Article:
Penalties for Foreclosure Fraud
If the presiding judge finds you guilty of foreclosure fraud, you may face misdemeanor or felony penalties. As a misdemeanor, you may receive a jail sentence of up to one year. Alternatively, you may receive a felony sentence of up to three years in jail.
- Theft Through False Pretenses
Real estate fraud may also occur through fraudulent theft. The Penal Code prohibits the use of misrepresentations or untrue promises to acquire property or money from a property transaction under section 487.
Elements of The Crime
The prosecutor must satisfy the legal burden of proof to show that you obtained property under pretenses by focusing on the following elements of the crime:
- You intentionally lied to a mortgage lending entity or a real estate owner.
- You use pretenses to deceive the unsuspecting parties
- The aggrieved party gave you money based on the fraudulent representations you made to them
Evidential sources should correspond to the case circumstances and point to your criminal liability. Thus, you can expect the prosecutor to develop the matter adequately in readiness for the trial and to persuade the judge to find you guilty.
Penalties for Committing Real Estate Theft by Fraud
Notably, committing theft by pretenses attracts felony and misdemeanor charges and penalties. Thus, if the judge finds you guilty of the offense, you may face a one-year sentence in jail under the misdemeanor penalty provisions. Alternatively, you may face a sentence of up to three years in jail under felony penalty provisions.
- Forgery of Documents
Additionally, real estate fraud may transpire through document forgery, contrary to the provisions of section 115 of the California Penal Code. When presenting your case, the prosecutor must prove that you were aware of your actions, meaning that you possessed criminal intent to defraud the involved transacting party.
Additionally, the prosecutor should demonstrate that you registered or recorded a document, meaning that you involved yourself directly in the illegal actions. To do this, they will source information from surveillance footage, witness statements, or documents for use as evidence.
Thirdly, the prosecutor should prove that the details in the document are false, meaning that forgery occurred. Proving this element is essential because it ties in with the fraudulent element necessary to prosecute successfully. You will have caused the aggrieved party to rely on false information to make a real estate transaction by forging details.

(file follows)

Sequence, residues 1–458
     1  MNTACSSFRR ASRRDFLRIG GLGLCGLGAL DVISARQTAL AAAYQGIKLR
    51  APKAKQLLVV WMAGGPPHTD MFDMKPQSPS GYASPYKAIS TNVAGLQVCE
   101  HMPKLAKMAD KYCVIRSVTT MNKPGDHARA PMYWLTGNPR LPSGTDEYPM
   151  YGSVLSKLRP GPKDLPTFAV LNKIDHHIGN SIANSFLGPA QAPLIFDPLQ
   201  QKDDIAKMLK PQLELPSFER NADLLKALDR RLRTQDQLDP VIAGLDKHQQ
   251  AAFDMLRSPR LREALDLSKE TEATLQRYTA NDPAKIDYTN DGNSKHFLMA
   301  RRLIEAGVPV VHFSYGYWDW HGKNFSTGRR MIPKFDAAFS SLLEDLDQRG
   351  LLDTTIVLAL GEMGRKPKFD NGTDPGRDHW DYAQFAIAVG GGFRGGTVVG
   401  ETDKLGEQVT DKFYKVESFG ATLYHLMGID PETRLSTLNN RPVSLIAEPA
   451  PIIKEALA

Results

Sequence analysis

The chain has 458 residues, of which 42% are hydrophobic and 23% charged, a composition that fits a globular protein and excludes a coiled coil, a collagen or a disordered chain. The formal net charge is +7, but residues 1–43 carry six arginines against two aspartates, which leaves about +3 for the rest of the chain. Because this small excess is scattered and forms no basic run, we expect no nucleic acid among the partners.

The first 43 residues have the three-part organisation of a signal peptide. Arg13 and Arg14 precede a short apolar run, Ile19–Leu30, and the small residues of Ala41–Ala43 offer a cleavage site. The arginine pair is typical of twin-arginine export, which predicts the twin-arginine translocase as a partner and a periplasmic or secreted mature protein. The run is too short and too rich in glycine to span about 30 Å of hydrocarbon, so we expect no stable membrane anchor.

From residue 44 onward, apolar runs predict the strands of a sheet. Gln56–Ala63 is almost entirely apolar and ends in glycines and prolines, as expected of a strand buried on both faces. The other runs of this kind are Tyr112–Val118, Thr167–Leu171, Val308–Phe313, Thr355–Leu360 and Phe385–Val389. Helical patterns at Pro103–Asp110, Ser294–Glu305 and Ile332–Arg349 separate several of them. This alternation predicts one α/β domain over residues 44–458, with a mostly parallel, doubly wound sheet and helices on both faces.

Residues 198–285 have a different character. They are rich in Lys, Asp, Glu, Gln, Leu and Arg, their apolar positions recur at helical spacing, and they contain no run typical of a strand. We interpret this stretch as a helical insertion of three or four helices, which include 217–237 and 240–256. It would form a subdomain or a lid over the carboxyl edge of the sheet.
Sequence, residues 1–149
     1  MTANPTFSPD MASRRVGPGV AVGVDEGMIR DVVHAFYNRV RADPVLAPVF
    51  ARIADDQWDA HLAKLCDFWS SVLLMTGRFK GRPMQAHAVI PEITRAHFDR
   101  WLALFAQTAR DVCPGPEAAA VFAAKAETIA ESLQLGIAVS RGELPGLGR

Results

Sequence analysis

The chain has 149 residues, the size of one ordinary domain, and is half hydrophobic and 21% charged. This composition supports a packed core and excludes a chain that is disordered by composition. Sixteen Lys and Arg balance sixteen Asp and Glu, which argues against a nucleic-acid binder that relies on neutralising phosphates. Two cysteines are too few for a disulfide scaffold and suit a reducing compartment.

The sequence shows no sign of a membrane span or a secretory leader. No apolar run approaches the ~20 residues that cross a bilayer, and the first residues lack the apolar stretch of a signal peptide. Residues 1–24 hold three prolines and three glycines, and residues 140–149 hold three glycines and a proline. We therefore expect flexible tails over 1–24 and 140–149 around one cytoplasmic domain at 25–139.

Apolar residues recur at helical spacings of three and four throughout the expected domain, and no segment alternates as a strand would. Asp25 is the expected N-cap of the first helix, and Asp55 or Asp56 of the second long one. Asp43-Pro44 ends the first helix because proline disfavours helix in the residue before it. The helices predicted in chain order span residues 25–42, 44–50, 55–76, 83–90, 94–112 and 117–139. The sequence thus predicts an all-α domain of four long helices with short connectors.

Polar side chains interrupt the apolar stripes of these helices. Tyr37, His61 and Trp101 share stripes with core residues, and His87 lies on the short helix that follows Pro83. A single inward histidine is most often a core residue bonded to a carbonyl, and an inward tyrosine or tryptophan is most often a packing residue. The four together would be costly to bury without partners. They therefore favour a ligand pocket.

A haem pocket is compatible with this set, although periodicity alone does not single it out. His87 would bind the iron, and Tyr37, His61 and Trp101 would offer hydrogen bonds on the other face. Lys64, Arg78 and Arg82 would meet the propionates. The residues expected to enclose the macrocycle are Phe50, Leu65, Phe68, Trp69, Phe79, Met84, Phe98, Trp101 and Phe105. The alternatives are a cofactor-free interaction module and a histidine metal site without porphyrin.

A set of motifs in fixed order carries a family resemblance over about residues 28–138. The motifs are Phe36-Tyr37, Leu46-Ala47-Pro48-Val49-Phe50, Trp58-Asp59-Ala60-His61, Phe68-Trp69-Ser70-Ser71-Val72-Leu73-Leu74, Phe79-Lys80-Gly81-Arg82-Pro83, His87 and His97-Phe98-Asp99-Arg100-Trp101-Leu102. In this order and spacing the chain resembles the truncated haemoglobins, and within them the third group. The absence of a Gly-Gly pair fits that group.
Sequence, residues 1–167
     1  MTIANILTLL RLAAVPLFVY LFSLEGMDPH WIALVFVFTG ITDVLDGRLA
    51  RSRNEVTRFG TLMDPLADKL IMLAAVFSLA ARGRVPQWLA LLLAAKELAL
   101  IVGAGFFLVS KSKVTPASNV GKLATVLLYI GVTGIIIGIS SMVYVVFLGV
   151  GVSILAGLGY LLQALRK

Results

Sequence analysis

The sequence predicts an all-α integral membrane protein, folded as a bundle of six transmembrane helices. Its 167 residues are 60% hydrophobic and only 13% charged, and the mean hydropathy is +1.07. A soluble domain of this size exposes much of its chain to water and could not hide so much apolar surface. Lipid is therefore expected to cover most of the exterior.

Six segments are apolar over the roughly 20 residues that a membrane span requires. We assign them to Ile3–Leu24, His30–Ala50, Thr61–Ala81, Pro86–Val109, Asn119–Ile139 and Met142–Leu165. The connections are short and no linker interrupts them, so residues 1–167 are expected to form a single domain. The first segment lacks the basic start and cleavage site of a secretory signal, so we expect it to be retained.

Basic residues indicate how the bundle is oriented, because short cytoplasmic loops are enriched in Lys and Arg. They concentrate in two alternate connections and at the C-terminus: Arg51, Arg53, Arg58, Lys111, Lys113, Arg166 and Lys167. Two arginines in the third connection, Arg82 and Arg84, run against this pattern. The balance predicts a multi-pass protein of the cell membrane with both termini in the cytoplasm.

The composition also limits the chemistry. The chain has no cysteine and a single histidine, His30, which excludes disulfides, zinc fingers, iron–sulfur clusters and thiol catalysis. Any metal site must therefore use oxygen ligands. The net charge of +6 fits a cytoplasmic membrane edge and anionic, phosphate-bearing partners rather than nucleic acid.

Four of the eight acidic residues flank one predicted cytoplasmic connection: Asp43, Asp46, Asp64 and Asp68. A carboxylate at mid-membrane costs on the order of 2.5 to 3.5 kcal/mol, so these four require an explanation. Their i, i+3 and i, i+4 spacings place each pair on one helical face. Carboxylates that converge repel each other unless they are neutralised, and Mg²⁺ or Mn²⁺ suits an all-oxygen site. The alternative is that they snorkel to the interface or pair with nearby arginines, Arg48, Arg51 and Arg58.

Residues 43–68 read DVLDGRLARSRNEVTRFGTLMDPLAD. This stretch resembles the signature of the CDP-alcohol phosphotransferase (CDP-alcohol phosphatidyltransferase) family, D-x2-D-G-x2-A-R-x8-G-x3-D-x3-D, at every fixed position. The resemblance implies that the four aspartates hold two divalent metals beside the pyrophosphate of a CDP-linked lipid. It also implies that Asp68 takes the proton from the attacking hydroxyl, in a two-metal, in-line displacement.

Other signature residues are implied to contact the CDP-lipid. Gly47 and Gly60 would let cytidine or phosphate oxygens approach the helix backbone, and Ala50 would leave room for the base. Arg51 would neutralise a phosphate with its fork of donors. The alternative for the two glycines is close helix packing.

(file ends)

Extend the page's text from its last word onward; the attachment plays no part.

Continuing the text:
Finally, the prosecutor should prove that you committed forgery within a government office located in the state. The element helps frame the unlawful aspect of violating government principles towards protecting property and facilitating proper service delivery.
Penalties For Forging Documents
Forging real estate documents is a wobbler crime and may attract misdemeanor or felony charges. Thus, a misdemeanor penalty results in a jail sentence of up to one year. Alternatively, you may receive a felony sentence of up to three years in jail.
Defenses for Committing Real Estate Fraud
A defense hearing follows the prosecutor’s case, so your attorney will have the advantage of listening to the presentation and identifying any weaknesses in the prosecutor’s case. Thanks to this, your legal team can strengthen your defenses and raise your chances of receiving an acquittal order or a reduced sentence.
Notably, not all legal defenses will apply to each discussed type of real estate fraud. Your attorney will use discretion to help you establish the most suitable defenses for your matter. This way, they focus on covering a few defenses comprehensively rather than relying on multiple unfounded counterarguments.
Some defenses to the following:
You Did Not Intend to Defraud the Aggrieved Party
The element of criminal intent is central to any fraud charges, as they link you to the alleged offense. Thus, contesting having any intention to defraud attacks the prosecutor’s main argument. By relying on this defense, you point out the possible gaps in the prosecutor’s case and cast reasonable doubt on their presentation.
Since the defense is a core element for the judge to consider before convicting you, you should have sufficient evidentiary sources to support it. You can also explore several approaches to present the defense that suits your case circumstances.
For example, if you were a junior agent acting on behalf of your supervising real estate agent, you may not have foreseen fraud elements. Thus, you are not likely to have a direct link to the criminal operations of defrauding innocent real estate buyers. The point is to frame an argument that demonstrates the unlikelihood of your criminal intent based on your case circumstances.